Tuesday, December 07, 2004

Byrne grant pays to prosecute Tom Coleman!

Ann sorts through the results of a recent ACLU of Texas open records request to the Governor's Criminal Justice Division, and sends an email with the scoop on what exactly Lubbock-area counties requested from the Byrne grant program that the Governor denied last week, plus some other fun news. She writes:

"The coolest new information is the Byrne fund application that was GRANTED in July for $57k to pay for Special Prosecutors to prosecute Tom Coleman!!! [Grits note: That's the undercover officer from the Tulia drug sting who has been indicted for perjury] The application reads:

“'Cost over the past five years associated with the 1999 Drug Bust has left the Swisher County in a poor financial position. The county has expended over $500,000 for defense attorneys and settlement cost arising from the operation. The amount of reserves that Swisher County had available have been depleted and the tax rate has increased substantially during the past three Budget cycles.'”

How ironic and fun! The same Byrne grant that paid him to engage in large scale racial profiling is being used to pay for Coleman's prosecution! There are so many bad task force cops they could probably use all the money like that!

Meanwhile, Grits earlier reported what I identified as a "rumor" that counties from the defunct South Plains task force were hoping to create three new area task forces, but that wasn't exactly right. Ann usefully went through the stack of open records and summarized the five rejected applications. Big picture: One proposed the creation of a new drug task force, while four individual counties asked for resources for their own local narcotics units to perform what were formerly task force functions.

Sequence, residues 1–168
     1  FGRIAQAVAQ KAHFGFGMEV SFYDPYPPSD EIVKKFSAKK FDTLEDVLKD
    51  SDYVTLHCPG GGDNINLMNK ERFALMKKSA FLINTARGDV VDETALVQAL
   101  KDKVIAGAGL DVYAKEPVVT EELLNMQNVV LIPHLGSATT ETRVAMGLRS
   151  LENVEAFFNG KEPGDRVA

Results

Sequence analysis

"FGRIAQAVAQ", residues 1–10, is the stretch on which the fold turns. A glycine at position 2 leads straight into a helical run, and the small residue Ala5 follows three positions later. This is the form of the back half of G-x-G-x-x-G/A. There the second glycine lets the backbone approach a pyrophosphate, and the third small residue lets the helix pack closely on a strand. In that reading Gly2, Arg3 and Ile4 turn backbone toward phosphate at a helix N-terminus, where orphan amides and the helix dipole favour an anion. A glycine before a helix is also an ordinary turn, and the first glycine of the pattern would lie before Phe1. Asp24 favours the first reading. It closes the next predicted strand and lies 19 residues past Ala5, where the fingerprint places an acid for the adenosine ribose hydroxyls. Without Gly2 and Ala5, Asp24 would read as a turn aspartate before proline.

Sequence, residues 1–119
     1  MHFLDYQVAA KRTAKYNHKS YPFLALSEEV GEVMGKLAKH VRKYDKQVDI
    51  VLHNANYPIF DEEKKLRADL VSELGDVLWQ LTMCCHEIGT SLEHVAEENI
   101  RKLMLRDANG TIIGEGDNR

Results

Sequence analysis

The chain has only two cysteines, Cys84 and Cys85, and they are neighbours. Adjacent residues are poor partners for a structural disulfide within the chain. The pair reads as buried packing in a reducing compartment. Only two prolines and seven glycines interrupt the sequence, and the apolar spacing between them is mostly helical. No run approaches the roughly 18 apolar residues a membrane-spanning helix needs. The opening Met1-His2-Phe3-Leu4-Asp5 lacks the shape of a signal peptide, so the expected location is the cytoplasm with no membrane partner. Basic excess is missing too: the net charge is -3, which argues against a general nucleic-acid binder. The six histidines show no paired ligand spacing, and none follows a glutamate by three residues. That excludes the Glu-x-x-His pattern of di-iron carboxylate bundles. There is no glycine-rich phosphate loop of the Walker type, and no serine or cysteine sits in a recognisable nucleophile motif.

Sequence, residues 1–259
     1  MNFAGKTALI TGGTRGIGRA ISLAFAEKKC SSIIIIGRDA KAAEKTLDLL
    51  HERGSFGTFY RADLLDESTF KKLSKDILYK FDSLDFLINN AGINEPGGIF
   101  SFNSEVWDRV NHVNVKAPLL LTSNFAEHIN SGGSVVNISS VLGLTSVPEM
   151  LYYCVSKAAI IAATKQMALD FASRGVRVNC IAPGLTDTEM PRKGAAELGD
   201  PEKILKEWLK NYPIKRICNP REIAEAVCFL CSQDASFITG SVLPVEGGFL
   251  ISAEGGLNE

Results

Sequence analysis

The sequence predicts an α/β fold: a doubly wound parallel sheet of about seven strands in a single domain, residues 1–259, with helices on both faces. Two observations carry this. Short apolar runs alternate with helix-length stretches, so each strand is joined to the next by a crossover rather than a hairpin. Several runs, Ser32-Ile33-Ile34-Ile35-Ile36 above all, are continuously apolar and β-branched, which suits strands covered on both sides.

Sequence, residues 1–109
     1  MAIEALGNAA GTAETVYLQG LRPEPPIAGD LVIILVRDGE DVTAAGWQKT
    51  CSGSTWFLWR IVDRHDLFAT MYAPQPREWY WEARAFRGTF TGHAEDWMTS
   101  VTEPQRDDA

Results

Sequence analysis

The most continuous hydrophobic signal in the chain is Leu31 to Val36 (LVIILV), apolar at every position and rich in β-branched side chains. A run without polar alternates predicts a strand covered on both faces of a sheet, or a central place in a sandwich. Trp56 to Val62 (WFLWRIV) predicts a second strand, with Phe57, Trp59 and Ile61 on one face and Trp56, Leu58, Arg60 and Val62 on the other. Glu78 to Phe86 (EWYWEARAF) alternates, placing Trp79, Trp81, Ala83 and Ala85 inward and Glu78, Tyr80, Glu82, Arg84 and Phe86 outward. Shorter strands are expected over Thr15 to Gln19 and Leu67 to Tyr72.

Here's her accounting of what was in those denied requests; it's important because it tells us what the Governor's Criminal Justice Division chose not to fund:

1. Yoakum County for

  • Meth labs – prevent theft from agriculture stores
  • Improvements to law enforcement – basic drug enforcement with CIs
  • Prosecution – review cases to try to find sentence enhancements
  • Counter-terrorism related to their oil fields
  • “Drug prevention and treatment” – assessment services for pretrial defendants
  • Amber Alert – make themselves available for Amber alert situations

2. Lubbock County for:

  • Meth lab investigations
  • Basic task force enforcement with CIs
  • Counter-terrorism – their informants are going to be countering domestic terrorism (?!)
  • Gang prevention and intervention – because gang members are typically involved in drugs
  • “Drug diversions” – completely unexplained
  • Amber alert – available as requested to find missing children

3. Hockney County for:

  • “Better surveillance equipment” and training by the Public Agency Training Council (PATC) for their current staff

4. Hale County for:

  • Surveillance equipment to “develop probable cause for search warrants”
  • Surveillance will also “be helpful in preventing terrorism”
  • Amber alert – available to assist in locating missing children

5. 106th Judicial District for:

  • This one IS a multi-jurisdictional task force application for routine enforcement with CIs and traffic interdiction
  • Meth labs
  • Gang prevention and intervention
  • Homeland security
  • Amber alert system
  • Participating agencies are the following police departments: Lamesa, Seminole, O’Donnell, Seagraves and Tahoka
Ah, it's pleasant to dream, isn't it? If wishes were horses, beggars would ride. Instead, as Grits reported yesterday, $1.2 million was shifted away from the High Plains region to pay for drug treatment programs in Houston, information systems in Dallas, and communications hardware for three counties around Waco.

Maybe next time, they'll get smart and ask for money for their probation departments. Thanks for slogging through that, Ann!

For more on Texas drug task forces see also: Drug task force support dwindling, Racial Profiling in Palestine, Profile of a Gypsy Cop, and Harris Commissioners: Fund drug treatment not the task force

No comments: